The scenery the two travel through is panoramic and breathtaking. There are no dark and featureless passages to be found in this palace. Instead they'll visit vast underground caves filled with stalactites and the glimmering trickle of streams, an elaborate (but empty) menagerie, a luxurious yet labyrinthine harem and magnificent stone bath-houses where the perfumed water still ripples softly in its basins. They'll scale the crumbling battlements where tattered banners flutter gently hundreds of feet above the courtyards, bathe in the beams of sunlight reflected from many mirrors in the book-lined Hall of Learning, and swing from model planets in a lofty observatory tower. Each room is subtly detailed and rich with color and sound. At each fountain and pool the Prince can stop to take a long drink and refresh his strength and vigor.
The Prince must preserve his strength for the frequent encounters with the castle's other inhabitants. The sand-creatures appear in nearly every room, the former inhabitants of the Sultan's palace warped and twisted into these ominous beings, golden eyes alight with hatred. Their types are varied: the harem girls have become limber female zombies wielding duel daggers, while the soldiers have become lurching turbaned swordsmen and pikemen. Despite their different appearances, the Prince must fight them in the only way he knows, sword arm held high above his head to deflect their hail of blows while he waits for an opportunity to strike. One cautious swipe at a time he cuts them down, while his hand goes numb on the sword hilt from the force of repeated impact. Each attack, each encounter is the same: block, wait, strike, block. When the creature is down he slashes quickly with his dagger to absorb the Sand that animated it, as it vanishes in a swirl of glowing dust.
Wave after wave of the creatures come, and the Prince will find himself surrounded. In a tight spot the Dagger of Time can again assist him, as he can use its powers to freeze an enemy or slow down time. Nor do his acrobatic abilities desert him in combat; he can leap over enemies to deliver a quick slash to their unprotected backs, or rebound off walls to thrust his sword home. However, once he's dispatched an easy few this way, it's back to the cautious pattern of block, wait, strike, wait, block.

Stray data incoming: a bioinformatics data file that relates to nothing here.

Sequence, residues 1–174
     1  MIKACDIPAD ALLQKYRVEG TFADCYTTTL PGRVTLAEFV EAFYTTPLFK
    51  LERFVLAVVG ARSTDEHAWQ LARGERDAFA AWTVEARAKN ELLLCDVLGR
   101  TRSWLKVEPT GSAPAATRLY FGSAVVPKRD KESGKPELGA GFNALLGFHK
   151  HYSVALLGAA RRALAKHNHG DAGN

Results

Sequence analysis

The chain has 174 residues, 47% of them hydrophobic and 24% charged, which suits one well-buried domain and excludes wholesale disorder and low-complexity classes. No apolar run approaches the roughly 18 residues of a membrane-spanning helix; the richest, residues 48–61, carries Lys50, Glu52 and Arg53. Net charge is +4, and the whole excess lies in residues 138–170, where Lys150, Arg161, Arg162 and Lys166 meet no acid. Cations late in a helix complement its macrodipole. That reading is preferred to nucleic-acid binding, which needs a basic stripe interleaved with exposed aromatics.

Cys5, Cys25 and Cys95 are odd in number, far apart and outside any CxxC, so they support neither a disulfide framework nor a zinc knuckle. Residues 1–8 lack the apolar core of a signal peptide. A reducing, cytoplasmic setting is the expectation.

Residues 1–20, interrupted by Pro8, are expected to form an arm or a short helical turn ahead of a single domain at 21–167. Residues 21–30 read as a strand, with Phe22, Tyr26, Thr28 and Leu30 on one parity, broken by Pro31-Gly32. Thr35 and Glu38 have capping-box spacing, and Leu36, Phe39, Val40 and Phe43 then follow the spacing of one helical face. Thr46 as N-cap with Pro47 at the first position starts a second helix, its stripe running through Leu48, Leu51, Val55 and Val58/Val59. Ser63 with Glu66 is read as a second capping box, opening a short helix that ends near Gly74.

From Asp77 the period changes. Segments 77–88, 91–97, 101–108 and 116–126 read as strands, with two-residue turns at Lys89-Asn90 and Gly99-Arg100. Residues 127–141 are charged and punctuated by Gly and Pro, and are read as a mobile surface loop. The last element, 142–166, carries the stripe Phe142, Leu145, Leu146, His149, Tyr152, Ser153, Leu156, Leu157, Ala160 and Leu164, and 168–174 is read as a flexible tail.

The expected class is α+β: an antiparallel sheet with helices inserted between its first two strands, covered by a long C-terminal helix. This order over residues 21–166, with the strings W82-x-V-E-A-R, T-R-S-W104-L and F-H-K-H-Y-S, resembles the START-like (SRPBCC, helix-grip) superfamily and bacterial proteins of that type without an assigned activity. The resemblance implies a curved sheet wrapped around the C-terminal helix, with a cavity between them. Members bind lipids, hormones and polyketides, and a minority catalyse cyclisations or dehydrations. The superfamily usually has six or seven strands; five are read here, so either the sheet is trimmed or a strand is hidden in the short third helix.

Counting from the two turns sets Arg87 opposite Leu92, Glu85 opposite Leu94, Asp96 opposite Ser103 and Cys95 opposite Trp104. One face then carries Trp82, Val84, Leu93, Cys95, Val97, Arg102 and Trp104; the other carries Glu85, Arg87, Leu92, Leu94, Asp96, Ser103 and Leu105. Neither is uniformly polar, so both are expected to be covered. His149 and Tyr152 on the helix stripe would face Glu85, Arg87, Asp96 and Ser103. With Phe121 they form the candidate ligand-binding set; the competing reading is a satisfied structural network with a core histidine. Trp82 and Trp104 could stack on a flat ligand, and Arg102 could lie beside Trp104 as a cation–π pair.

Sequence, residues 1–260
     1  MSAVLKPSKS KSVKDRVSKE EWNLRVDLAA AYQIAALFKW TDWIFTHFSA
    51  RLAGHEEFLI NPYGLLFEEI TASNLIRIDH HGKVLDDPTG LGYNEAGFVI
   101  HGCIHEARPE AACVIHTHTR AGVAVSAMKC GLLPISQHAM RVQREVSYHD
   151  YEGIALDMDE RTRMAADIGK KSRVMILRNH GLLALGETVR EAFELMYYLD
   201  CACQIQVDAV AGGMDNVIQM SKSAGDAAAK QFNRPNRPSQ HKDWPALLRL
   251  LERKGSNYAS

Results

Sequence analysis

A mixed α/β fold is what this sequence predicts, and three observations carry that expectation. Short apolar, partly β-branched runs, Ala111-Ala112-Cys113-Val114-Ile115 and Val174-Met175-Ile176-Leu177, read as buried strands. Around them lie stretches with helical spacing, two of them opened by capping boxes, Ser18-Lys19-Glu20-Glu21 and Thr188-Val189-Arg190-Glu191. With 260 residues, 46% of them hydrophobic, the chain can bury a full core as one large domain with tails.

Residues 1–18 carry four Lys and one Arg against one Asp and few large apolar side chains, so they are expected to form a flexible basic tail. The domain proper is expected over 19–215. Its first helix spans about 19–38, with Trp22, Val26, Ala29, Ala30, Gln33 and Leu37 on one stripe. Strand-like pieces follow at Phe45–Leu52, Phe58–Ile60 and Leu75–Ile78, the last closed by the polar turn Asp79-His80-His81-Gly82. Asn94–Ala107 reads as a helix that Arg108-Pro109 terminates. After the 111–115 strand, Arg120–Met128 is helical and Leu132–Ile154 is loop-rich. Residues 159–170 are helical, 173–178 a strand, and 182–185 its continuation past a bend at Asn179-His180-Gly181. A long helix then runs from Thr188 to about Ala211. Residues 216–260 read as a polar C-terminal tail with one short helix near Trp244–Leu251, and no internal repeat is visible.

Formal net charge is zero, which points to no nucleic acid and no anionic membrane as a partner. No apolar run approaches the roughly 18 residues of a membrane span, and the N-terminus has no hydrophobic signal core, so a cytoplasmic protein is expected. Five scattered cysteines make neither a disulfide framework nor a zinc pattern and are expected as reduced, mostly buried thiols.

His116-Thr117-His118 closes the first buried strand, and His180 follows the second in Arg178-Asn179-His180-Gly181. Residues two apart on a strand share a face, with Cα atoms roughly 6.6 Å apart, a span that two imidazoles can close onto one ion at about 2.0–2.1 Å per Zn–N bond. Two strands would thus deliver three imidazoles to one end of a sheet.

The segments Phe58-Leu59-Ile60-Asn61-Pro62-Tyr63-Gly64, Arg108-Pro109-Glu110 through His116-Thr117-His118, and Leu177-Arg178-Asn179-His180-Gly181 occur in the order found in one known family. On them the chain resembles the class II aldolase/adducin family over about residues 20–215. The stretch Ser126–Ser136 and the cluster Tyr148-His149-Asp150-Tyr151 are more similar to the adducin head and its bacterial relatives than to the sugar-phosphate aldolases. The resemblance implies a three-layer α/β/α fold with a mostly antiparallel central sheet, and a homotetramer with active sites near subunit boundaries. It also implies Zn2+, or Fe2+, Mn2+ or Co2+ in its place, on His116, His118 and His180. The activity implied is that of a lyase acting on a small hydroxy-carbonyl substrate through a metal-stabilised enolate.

Lithe and athletic in her own right, Farah is a worthy partner for our hero. She takes the initiative to jump through closing doorways and find and pull levers without assistance. She wields her bow admirably in self defense, and only needs protection from foes that get too close. She is an invaluable assistance in combat, incapacitating sand-creatures until the Prince can finish them with his dagger. Her quick wit, stubbornness, and charm slowly convince the hesitant prince that here is a woman he can trust, not only with his quest, but also with his life.
Though it seems impossible, Farah and the Prince reach their destination quickly; there is always a single way left open to them, a single path that leads them closer to their goal. A few brief hours of struggle bring them to the confrontation they have sought. Unfortunately for the player, the sense of wonder and discovery that accompanies a first playthough disappears quickly. The hours that pass during their journey are too few and too fleeting, and revisiting the adventure only reinforces the linearity we were too enthralled to notice the first time.
Ubisoft's Prince of Persia: the Sands of Time tells a grand tale, and it tells it magnificently. Every sound and shadow is in place, every fluttering curtain and drop of water add something to the experience. The Prince's smooth movements and graceful acrobatics feel natural and effortless, even exhilirating. And ultimately the characters succeed as well: the Prince, arrogant and urbane yet somehow naďve, and Farah, headstrong and reckless but gentle. The events may be fantastic, but the characters are believable. Like any good fairy tale, we want to believe it.
A crowd of sand creatures presses around the pair on a narrow bridge. The Prince fends off a burly swordsman, his arm shaking with the exertion as sweat drips down his face. He hears Farah cry out for help, but is unable to get to her. He stares in horror as a squat lifeless creature swings a heavy mallet toward her. She gasps and falls as the Prince twists away from his attacker, lunging toward her. Then the air goes blurry as time halts. A cultured voice interrupts:
"No, no... she didn't die. I saved her. Let me start again..."
Community review by sophina (September 26, 2006)